One of the perks of the job came three years ago when he had tea on deck with Ringo Starr. The Beatle came through on his boat, en route to Lewiston, Idaho.
“I couldn’t believe it. I was told a private yacht (was on the way) and it would be Ringo Starr,” Renault said. “He was waving and everything, and the river pilot had me take him up slow because he couldn’t tie up like he was supposed to because (Ringo) only had one cleat.
“I was out in the stern of the boat having a glass of iced tea, and we were talking to him from the bottom almost all the way to the top.”
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Parkdale third graders sing "12 Disaster Days of Christmas"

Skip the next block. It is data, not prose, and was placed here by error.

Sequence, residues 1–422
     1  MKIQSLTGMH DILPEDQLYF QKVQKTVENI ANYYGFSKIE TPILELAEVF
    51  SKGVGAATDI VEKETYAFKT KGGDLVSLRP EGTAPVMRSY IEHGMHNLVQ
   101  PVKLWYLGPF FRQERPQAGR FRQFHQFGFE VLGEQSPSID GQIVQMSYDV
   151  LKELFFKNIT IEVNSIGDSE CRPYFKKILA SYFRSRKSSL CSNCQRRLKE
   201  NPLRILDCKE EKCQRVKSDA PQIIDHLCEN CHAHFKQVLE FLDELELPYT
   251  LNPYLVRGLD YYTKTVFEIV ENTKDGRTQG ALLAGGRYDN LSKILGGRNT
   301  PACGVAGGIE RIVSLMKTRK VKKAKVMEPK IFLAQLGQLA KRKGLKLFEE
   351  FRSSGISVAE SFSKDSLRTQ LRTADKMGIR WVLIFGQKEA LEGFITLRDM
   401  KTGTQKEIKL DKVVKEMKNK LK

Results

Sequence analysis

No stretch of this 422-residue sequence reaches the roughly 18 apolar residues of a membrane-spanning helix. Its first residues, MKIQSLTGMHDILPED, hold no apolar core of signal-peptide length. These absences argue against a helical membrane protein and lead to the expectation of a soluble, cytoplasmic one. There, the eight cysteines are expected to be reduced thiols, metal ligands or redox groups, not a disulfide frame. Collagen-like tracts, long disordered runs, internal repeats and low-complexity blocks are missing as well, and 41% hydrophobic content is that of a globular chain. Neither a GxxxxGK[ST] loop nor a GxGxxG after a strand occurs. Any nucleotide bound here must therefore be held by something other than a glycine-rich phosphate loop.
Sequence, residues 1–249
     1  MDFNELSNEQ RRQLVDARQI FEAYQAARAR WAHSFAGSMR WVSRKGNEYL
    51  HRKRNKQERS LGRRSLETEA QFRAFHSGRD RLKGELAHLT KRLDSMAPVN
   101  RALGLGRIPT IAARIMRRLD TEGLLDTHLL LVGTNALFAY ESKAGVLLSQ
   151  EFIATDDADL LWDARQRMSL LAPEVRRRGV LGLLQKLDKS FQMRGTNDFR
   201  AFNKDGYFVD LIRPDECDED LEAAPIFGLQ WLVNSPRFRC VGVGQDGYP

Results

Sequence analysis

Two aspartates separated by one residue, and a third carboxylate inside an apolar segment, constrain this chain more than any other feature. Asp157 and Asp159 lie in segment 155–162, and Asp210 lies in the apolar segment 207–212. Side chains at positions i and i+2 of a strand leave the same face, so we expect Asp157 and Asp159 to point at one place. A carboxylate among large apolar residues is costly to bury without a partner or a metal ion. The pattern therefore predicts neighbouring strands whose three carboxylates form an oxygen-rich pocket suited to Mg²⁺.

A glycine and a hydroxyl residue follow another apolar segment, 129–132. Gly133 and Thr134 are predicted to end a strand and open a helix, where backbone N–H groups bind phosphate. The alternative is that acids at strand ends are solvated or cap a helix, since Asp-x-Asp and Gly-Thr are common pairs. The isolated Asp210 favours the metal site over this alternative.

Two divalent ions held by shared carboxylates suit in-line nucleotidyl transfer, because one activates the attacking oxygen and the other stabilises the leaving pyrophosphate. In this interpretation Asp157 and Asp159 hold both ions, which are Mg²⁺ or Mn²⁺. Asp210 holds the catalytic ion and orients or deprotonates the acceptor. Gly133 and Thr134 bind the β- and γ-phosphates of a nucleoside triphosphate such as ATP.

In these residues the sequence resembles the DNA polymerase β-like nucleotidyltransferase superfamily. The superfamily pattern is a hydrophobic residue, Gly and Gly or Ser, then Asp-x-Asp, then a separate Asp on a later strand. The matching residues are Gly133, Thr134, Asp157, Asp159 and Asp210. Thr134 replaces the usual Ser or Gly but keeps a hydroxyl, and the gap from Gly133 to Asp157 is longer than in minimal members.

Welcome to your sing-able Christmas gift list. What follows is an emergency rendition of “12 Days of Christmas” – for outfitting your home or car in case of snow storm, earthquake, flood or other emergency. Read it as a simple list, or sing it to the tune of “12 Days” – you know, as in “ … and a partridge in a pear tree…” Not to make light of it, but the song is a familiar framework for a set of gift ideas that you could consider gathering together, even if the recipient already owns items such as a bunch of coats, tire chains and flashlights. Stores throughout the Gorge are stocked up on all these items. Buying all 12 days might be prohibitive, but here are three ideas for checking any of the dozen off your list (notations follow, 1-12.) The gift items needed to stay warm, dry and safe are also coded to suggest items in your abode (A) in your car (C) or both (B). 12 Gallons of Water (A) 11 Family meals (B) 10 Cans of propane (A) 9 Hygiene bags (B) 8 Packs of batteries (A) 7 Spare coats (B) 6 Bright red flares (C) 5 Cozy blankets (B) 4 Tire chains (C) 3 Flashlights (B) 2 cell phone chargers (B) 1 And a crush-proof first aid kit (B) Price ranges? Here’s a few quotes for days Three, Two, Four and Nine: n A family gift of flashlights (three will run $15-30, Hood River Supply, Tum-A-Lum) n Cell phone chargers (two will run $30-60) n Tire chains (basic set, $30, Les Schwab, returnable if unused for the winter) n Family meals ($100 or so should cover the basics for three or four reasonably well-fed days) n The home kit should be kept in a handy place near an exit, and remember that water needs to be replenished every few months. If you have a solid first aid kit already, switch out the gift idea with “and-a-sto-o-u-t- tub-for it-all …” Otherwise, it’s a case of assembling your home or car kits and making sure all members of the family know what the resources are and how to use them (ie flares and propane). Emergency situations are at worst life-threatening, at best deeply uncomfortable if you and your family are left without power for an extended period, or traveling and find yourself in a situation where you need to wait out a storm, lengthy traffic delay, or other crisis. Notes on the 12 gift ideas: 12 – Gallons of water: that’s one per person in a four-member family to last for three days, the recommended minimum to be prepared for utility outages. 11 – Easy-open packaged goods, energy bars, dried food and nuts are good things to include for nutrition. Think of what your family of four needs for three days to stay fortified and hydrated (see number 12). Can-opener also recommended 10 – If you have a propane camping stove, keep extra fuel handy. 9 – Hygiene bags: put packaged moistened towelettes, toilet paper, and plastic ties in large garbage bags (for personal sanitation) Resource list courtesy of Hood River County Emergency Management, Barbara Ayers, manager/ 541-386-1213. The county also reminds residents to Get a Kit, Make A Plan to connect your family if separated, and Stay Informed. See www.co.hood-river.or.us to opt-in for citizen alerts. Enlarge